Food and nutrition security in dry areas: ICARDA 2012 report and research-for-development obstacles

ICARDA_Logo_h_newICARDA_2012_Annual Report

ICARDA – the International Centre for Agricultural Research in the Dry Areas – is an international organization targeting crops for these critical regions. It’s annual report for 2012 has just been published and highlights their genetic, breeding and agronomy research. Their headquarters in Aleppo, Syria, was taken over – there are shocking YouTube videos brandishing AK47s on the tables where I was eating at a meeting a few years ago (see the front of the ICARDA headquarters building  and the gates and canteen, 1:19) – and hence they had to relocate.

Highlights from ICARDA’s research activities and accomplishments include:
Dryland Systems Global Program initiated;
Significantly higher profits for farmers in Ethiopia from rust-resistant and high-yield wheat varieties, and fast-track seed multiplication;
Benefits of conservation agriculture for poor farmers in North Africa as innovative downstream approach drastically cuts the cost of seeder machines;
Improved yields and quality of dates across the Gulf region from breakthrough biotech research;
Improved soil health, better nutrition, and additional incomes for small farmers in West Bengal as they learn to sow lentils during fallow periods;
Added value to research initiative on legumes as Asia and Africa exchange results through a creative trilateral India-Morocco-ICARDA partnership

For these and more highlights from past year, download a copy of ICARDA’s 2012 Annual Report at:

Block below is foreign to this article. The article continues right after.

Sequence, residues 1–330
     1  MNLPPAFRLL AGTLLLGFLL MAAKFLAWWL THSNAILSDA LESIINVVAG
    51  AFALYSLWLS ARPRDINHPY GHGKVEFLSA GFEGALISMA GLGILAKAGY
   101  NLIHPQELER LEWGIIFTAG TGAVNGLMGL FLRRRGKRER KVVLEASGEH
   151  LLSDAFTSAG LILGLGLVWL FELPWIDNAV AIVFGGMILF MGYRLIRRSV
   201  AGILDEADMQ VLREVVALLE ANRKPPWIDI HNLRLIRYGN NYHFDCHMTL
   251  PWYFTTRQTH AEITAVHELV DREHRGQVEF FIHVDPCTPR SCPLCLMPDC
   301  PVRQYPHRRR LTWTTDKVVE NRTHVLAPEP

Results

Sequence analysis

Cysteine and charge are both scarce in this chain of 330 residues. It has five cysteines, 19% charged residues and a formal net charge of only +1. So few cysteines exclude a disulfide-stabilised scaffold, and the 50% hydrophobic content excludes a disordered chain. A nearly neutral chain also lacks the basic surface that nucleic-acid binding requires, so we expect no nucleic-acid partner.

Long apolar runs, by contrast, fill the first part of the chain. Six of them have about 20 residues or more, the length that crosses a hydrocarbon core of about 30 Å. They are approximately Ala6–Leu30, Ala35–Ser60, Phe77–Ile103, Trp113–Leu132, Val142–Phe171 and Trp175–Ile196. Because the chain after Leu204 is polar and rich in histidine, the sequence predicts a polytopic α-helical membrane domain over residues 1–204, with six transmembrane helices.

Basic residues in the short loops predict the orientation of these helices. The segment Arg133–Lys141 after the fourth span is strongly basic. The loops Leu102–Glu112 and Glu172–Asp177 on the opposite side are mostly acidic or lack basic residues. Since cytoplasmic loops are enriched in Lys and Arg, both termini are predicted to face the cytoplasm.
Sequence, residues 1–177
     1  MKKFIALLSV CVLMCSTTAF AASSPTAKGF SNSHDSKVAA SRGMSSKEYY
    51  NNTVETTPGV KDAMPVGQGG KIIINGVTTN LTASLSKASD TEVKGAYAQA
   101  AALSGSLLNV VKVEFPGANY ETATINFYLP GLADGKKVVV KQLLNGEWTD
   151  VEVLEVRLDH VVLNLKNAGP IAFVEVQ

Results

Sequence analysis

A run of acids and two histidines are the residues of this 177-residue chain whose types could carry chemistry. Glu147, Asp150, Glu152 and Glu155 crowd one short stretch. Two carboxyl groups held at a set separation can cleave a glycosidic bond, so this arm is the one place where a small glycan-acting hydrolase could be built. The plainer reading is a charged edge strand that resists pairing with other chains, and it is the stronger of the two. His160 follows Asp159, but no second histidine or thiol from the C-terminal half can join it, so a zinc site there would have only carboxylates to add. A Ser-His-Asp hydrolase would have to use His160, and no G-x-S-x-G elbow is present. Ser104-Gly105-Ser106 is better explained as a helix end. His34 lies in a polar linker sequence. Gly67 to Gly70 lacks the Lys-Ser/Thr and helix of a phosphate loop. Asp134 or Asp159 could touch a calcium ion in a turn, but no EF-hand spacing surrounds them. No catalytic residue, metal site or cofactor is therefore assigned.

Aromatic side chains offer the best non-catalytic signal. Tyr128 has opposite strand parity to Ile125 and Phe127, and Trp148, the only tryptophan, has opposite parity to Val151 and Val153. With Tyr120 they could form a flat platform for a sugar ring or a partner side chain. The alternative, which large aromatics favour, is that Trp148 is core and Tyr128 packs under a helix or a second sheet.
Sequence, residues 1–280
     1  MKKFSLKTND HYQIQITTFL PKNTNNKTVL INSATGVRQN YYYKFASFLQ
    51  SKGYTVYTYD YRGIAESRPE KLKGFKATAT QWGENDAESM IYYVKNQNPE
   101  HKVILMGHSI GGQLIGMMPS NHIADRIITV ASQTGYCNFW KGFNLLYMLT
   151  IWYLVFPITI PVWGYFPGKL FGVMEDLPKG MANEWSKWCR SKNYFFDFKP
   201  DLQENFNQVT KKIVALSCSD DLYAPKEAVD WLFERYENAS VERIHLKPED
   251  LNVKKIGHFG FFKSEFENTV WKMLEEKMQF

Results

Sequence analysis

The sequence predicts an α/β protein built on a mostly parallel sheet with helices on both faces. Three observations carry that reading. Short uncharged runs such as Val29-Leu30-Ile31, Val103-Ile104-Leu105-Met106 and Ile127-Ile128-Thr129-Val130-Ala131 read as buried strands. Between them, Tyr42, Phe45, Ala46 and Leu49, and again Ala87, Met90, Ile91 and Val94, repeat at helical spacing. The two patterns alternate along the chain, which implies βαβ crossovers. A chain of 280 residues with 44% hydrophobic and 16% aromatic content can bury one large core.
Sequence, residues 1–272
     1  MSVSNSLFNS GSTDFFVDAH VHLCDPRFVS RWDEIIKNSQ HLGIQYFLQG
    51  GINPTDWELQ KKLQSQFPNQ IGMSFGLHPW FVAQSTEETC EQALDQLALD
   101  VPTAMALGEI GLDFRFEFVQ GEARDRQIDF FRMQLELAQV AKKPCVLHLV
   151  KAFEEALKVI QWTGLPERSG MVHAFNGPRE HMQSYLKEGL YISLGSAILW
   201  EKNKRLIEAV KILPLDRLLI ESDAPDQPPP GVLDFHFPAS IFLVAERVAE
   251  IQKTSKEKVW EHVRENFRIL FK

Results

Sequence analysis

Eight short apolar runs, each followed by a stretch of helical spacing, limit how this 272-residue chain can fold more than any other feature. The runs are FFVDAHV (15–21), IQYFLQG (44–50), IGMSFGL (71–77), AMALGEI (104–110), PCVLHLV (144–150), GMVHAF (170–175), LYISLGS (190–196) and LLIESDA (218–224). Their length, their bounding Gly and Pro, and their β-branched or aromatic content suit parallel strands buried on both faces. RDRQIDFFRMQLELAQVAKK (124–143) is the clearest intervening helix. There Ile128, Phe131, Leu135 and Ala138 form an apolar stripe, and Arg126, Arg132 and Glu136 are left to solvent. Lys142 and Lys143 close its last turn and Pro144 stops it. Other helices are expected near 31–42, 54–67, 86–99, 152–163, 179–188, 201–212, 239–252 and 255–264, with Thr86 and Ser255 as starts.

Consequences of poor water management, overgrazing, and fuelwood over-collection in dry areas: Erosion gullies, loss of topsoil, minimal productivity and invasive plants (here, Argemone mexicana) _phh7787

Consequences of poor water management, overgrazing, and fuelwood over-collection in dry areas: Erosion gullies, loss of topsoil, minimal productivity and invasive plants (here, Argemone mexicana) _phh7787

Another important report related to ICARDA’s work comes from Mahmoud Solh, Maarten van Ginkel, and Rodomiro Ortiz. They write:

“If agricultural research and innovation are to deliver acceptable levels of food and nutrition security to poor communities at a global scale, a rethink is needed of how current approaches to research-for-development are planned and executed.

Obstacles lie in three factors:
· Today’s vertical and supply driven focus – by many research leaders and development agencies.
· The current short-term and project focus to funding agricultural research and development.
· A need for practical policy options, that help countries respond to the realities they face.

The full information about this Research-for-development program: Crop improvement: biodiversity and integrated gene management is at

ICARDA_Science_and_ Policy_Comment–innovative-agriculture-for-food-security-integrated-agro-ecosystem-approach.html#addcomment#addcomments

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About Pat Heslop-Harrison

Professor of Molecular Cytogenetics and Cell Biology, University of Leicester. Group Leader, South China Botanical Garden, Chinese Academy of Sciences. Chief Editor, Annals of Botany. Research: genome evolution, breeding and biodiversity in agricultural species; the impact of agriculture; evalutation of research and advanced training.
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